The definition of “beneficial owner” includes any individual who, directly or indirectly, either (1) exercises “substantial control” over a Reporting Company, or (2) owns or controls at least 25 percent of the “ownership interests” of a Reporting Company. The terms “substantial control” and “ownership interest” are themselves further defined under the Rule. Notably, for the definition of “substantial control,” the Rule sets forth a list of activities intended to capture anyone who is able to make important decisions on behalf of the entity, and close loopholes that allow corporate structuring that obscures owners or decision-makers. The Rule also provides a set of tests for determining if an individual meets the 25 percent ownership interest reporting threshold. Five types of individuals are exempted from the definition of “beneficial owner.”

The definition of “company applicant” covers only two types of individual: (1) the individual who directly files the document that creates the entity (or in the case of a foreign reporting company, the document that first registers the entity to do business in the United States); and (2) the individual who is primarily responsible for directing or controlling such filing if more than one individual is involved in the filing. However, the Rule does not require reporting companies existing or registered at the time of the effective date of the Rule to identify and report on their company applicants.

The Rule requires a reporting company to provide:

  • certain identifying information about itself, including name and address; and
  • for beneficial owners: name, birthdate, address, and unique identifying number and issuing jurisdiction for an acceptable identification document (and the image of such document).

Additionally, the rule requires that Reporting Companies created on or after January 1, 2024, provide the information required regarding beneficial owners for company applicants.

When Reports Are Due

The Rule is effective January 1, 2024. Reporting Companies created or registered before January 1, 2024, will have one year (until January 1, 2025) to file their initial reports, while reporting companies created or registered on or after January 1, 2024, will have 30 days after receiving notice of their creation or registration from the secretary of state or similar office to file their initial reports. Reporting Companies have 30 days to report changes to the information in their previously filed reports and must correct inaccurate information in previously filed reports within 30 days of when the reporting company becomes aware or has reason to know of the inaccuracy of information in earlier reports.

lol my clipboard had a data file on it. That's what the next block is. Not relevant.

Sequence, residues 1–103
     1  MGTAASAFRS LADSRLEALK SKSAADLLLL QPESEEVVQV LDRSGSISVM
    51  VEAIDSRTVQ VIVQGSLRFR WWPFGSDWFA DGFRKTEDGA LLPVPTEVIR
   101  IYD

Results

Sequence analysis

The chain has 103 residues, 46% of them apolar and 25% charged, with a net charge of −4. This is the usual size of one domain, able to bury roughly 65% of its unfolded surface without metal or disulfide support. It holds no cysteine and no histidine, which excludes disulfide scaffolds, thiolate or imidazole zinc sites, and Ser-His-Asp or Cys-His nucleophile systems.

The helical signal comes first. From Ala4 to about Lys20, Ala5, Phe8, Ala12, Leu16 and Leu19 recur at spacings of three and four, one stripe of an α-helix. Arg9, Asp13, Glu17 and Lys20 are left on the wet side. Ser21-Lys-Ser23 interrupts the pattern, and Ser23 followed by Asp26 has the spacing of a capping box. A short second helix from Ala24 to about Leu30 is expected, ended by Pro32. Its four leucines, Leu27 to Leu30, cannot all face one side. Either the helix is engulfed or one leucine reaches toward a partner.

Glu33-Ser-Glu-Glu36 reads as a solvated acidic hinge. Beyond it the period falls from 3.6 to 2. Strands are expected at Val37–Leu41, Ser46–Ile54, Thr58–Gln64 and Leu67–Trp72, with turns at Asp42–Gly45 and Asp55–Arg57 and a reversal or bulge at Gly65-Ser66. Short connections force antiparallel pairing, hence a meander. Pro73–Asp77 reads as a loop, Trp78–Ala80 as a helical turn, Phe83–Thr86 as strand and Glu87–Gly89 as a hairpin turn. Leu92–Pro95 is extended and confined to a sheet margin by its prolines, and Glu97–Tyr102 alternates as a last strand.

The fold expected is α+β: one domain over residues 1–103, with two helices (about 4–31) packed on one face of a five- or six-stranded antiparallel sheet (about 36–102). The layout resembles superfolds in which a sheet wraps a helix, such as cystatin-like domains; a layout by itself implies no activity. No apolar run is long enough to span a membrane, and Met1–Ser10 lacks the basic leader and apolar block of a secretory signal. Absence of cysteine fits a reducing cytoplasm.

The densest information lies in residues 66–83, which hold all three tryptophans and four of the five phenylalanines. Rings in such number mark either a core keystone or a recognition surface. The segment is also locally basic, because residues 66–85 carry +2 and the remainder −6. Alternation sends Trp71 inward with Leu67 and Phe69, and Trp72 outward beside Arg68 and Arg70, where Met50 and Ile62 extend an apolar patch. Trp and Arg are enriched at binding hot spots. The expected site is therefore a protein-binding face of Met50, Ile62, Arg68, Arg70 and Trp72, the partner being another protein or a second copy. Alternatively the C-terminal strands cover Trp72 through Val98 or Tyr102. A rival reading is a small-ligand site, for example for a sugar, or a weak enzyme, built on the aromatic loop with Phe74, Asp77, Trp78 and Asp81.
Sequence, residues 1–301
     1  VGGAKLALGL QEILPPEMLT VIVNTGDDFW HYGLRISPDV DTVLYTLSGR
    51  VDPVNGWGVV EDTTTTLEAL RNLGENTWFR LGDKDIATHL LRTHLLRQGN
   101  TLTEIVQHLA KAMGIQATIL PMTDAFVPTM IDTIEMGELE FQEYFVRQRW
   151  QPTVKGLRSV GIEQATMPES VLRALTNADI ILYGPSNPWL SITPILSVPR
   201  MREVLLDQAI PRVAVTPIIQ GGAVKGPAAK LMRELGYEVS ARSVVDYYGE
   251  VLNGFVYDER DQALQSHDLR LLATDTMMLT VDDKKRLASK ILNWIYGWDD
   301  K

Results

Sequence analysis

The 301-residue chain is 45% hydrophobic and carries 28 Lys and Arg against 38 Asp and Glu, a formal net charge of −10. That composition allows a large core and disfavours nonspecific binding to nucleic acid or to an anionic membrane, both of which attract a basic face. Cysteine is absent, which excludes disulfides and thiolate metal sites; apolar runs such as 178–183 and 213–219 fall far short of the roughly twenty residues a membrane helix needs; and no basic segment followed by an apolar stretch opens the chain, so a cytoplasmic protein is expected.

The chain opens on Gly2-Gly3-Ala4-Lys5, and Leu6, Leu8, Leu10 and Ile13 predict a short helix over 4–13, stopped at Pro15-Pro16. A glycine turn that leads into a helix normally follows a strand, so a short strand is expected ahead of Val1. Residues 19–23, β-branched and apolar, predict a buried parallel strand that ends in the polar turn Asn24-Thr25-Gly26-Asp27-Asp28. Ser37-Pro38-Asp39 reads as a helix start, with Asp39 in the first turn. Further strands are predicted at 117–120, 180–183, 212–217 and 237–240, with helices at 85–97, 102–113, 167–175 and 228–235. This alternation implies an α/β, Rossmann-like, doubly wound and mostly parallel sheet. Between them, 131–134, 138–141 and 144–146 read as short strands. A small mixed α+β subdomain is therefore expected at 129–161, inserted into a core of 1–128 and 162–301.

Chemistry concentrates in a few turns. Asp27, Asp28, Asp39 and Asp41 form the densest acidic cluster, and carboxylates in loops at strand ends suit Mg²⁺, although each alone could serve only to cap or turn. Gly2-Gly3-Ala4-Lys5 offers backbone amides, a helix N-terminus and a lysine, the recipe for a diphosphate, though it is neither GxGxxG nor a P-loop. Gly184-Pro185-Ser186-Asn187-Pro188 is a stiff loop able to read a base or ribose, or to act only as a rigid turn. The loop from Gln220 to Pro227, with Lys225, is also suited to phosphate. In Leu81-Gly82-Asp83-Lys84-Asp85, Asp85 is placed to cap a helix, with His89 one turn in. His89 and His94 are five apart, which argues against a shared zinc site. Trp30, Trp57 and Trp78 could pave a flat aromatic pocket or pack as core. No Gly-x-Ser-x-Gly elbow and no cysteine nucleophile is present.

Next Steps

The reporting rule is one of three required rulemakings to implement the CTA. FinCEN will engage in additional rulemakings to: (1) establish rules for who may access beneficial ownership information, for what purposes, and what safeguards will be required to ensure that the information is secured and protected; and (2) revise FinCEN’s customer due diligence rule. In addition, FinCEN continues to develop the infrastructure to administer these requirements, including an information technology system that will be used to store beneficial ownership information in accordance with the strict security and confidentiality requirements of the CTA.

Finally, FinCEN noted that implementation of the final rule will require additional engagement with stakeholders to ensure a clear understanding of the rule’s requirements and timeframes, including through additional guidance and FAQs, help lines, and other engagement, both directly with affected entities and through state governments and other third parties. FinCEN also intends to work within Treasury and with interagency partners to inform risk assessments, advisories, guidance documents, and other products that relate to the illicit finance risks associated with legal entities.

The Rule represents a substantial change in the U.S. beneficial ownership regime. Persons and entities who may come within the Rule’s scope should familiarize themselves with their compliance obligations to ensure they are prepared for the Rule to come into effect in January 2024.